Partial migration is a crucial mobility pattern in animal ecology. Unlike complete migrations which take place when all the individuals in a population migrate with a clear separation of ranges, partial migrations are migrations which often follow modalities and times that vary from animal to animal. As a result the distinction between migratory and non-migratory behavior becomes less defined. %Because of this, discriminating whether animals are resident or migratory is a challenging issue. In this paper, we present an interdisciplinary effort geared to evaluate whether a recent time-aware, density-based clustering technique, called SeqScan, relying on the novel concept of object's \emph{presence} can be effectively applied to the study of partial migrations. To that end, we propose an extended framework centered on SeqScan, comprising a noise model for the detection of fine-grained movement patterns, i.e. excursions and inter-cluster transitions, and an internal time-aware validity index, for clustering evaluation. Further, we contrast SeqScan with a recent technique developed in the context of animal ecology and grounded on statistical methods. For the study, we use real trajectories from two large herbivorous species located in Bavaria. We argue that the classification capabilities of SeqScan are comparable to those of the reference method. Moreover, the SeqScan framework overcomes important limitations of more conventional techniques, offering, in particular, the opportunity of quantifying the mobility behavior of individuals.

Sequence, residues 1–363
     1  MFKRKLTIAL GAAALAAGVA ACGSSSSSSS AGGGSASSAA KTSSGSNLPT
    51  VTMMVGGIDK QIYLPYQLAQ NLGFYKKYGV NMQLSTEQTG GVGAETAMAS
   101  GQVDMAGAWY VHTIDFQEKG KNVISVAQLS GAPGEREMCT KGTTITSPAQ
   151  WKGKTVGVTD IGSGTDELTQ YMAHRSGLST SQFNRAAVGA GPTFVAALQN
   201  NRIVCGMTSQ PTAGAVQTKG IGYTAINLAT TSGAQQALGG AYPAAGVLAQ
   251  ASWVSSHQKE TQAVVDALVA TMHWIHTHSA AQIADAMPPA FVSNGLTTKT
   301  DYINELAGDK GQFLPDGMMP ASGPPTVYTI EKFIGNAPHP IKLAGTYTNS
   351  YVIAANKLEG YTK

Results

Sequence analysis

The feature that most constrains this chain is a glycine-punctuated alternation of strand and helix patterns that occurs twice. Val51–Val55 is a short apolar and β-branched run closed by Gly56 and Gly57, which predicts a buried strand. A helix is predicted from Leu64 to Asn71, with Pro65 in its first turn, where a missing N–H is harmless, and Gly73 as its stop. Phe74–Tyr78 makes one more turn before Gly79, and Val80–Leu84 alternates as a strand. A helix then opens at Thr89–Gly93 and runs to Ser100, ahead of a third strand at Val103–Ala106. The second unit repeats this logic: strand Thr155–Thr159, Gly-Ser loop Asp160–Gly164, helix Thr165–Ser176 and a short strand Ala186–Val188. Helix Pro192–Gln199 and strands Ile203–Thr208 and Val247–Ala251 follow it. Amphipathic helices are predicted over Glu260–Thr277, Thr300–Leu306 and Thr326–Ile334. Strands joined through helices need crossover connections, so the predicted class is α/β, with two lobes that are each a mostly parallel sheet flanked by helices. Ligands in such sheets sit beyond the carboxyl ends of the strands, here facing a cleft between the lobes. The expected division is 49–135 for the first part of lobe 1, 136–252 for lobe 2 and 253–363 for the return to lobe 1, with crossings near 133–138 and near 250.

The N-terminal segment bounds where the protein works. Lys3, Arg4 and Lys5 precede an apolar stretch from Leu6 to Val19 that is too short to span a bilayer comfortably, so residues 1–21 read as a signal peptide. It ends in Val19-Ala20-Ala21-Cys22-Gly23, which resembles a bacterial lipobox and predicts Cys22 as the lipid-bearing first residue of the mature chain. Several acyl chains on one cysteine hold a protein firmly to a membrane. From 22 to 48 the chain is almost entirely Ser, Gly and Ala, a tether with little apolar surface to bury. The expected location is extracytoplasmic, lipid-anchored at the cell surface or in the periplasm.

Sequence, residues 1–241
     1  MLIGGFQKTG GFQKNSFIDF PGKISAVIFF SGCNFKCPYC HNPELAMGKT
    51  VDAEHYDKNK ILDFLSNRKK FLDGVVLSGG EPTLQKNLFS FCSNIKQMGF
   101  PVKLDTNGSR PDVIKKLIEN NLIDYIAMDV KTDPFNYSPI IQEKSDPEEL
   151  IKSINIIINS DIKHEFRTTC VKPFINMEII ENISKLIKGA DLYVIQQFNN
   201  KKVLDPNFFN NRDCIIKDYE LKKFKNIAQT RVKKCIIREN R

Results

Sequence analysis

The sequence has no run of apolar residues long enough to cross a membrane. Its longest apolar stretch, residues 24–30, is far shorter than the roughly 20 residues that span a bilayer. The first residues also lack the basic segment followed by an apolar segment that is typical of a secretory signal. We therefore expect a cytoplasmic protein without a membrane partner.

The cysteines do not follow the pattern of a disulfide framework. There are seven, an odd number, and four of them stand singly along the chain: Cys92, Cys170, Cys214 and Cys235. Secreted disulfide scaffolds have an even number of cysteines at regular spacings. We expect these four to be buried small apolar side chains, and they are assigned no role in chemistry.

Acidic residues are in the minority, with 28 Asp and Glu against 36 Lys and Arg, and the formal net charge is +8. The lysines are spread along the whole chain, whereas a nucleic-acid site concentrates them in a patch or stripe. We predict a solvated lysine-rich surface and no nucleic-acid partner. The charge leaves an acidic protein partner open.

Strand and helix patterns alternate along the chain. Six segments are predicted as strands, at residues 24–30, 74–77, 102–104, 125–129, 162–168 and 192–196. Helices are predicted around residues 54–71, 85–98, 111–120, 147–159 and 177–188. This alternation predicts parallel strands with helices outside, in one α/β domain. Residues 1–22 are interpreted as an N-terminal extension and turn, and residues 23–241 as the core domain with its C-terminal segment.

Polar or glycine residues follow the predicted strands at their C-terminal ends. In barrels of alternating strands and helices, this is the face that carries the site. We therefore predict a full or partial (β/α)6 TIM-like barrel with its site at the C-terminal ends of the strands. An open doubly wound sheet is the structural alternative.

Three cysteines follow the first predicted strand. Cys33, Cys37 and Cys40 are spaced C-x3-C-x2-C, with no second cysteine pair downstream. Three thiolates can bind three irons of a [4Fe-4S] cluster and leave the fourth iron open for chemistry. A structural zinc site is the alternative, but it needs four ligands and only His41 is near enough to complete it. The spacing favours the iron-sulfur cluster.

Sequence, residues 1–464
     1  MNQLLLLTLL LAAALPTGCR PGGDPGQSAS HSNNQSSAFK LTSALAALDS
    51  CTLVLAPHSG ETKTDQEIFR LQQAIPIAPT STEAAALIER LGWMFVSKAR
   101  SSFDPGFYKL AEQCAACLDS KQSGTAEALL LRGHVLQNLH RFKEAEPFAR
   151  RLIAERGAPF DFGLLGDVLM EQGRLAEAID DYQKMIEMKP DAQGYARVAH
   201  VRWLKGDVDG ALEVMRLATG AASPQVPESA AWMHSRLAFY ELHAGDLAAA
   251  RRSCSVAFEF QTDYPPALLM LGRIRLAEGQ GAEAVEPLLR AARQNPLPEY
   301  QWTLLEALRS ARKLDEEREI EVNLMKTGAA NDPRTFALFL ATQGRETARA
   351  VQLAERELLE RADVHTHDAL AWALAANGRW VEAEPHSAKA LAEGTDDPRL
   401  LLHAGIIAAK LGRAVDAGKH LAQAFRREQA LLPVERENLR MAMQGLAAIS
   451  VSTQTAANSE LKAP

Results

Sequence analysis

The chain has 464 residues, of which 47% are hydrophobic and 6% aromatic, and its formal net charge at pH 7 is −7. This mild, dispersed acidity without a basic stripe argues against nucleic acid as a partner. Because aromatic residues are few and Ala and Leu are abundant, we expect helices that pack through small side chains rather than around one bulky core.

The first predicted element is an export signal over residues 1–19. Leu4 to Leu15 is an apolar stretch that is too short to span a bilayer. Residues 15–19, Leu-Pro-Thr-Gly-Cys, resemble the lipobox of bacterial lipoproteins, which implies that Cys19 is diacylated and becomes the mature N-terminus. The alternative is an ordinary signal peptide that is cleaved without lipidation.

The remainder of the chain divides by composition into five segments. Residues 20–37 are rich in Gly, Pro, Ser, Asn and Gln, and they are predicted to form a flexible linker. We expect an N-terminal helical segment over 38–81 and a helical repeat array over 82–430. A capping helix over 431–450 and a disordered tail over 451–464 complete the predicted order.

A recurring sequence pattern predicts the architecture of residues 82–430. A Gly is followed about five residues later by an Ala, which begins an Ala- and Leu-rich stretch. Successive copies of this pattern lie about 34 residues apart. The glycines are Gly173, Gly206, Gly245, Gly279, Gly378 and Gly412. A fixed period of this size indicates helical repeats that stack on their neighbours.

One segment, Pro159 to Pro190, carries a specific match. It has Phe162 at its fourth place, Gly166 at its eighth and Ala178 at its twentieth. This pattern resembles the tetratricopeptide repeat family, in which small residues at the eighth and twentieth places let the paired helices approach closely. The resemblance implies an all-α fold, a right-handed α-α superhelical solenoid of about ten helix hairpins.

Introducing ‘presence’ and ‘stationarity index’ to study partial migration patterns: an application of a spatio-temporal clustering technique / M.L. Damiani, H. Issa, G. Fotino, M. Heurich, F. Cagnacci. - In: INTERNATIONAL JOURNAL OF GEOGRAPHICAL INFORMATION SCIENCE. - ISSN 1365-8816. - 30:5(2016), pp. 907-928.

### Introducing ‘presence’ and ‘stationarity index’ to study partial migration patterns: an application of a spatio-temporal clustering technique

#### Abstract

Partial migration is a crucial mobility pattern in animal ecology. Unlike complete migrations which take place when all the individuals in a population migrate with a clear separation of ranges, partial migrations are migrations which often follow modalities and times that vary from animal to animal. As a result the distinction between migratory and non-migratory behavior becomes less defined. %Because of this, discriminating whether animals are resident or migratory is a challenging issue. In this paper, we present an interdisciplinary effort geared to evaluate whether a recent time-aware, density-based clustering technique, called SeqScan, relying on the novel concept of object's \emph{presence} can be effectively applied to the study of partial migrations. To that end, we propose an extended framework centered on SeqScan, comprising a noise model for the detection of fine-grained movement patterns, i.e. excursions and inter-cluster transitions, and an internal time-aware validity index, for clustering evaluation. Further, we contrast SeqScan with a recent technique developed in the context of animal ecology and grounded on statistical methods. For the study, we use real trajectories from two large herbivorous species located in Bavaria. We argue that the classification capabilities of SeqScan are comparable to those of the reference method. Moreover, the SeqScan framework overcomes important limitations of more conventional techniques, offering, in particular, the opportunity of quantifying the mobility behavior of individuals.
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data analysis; clustering; migrations; animal ecology
Settore INF/01 - Informatica
29-lug-2015
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Utilizza questo identificativo per citare o creare un link a questo documento: http://hdl.handle.net/2434/292983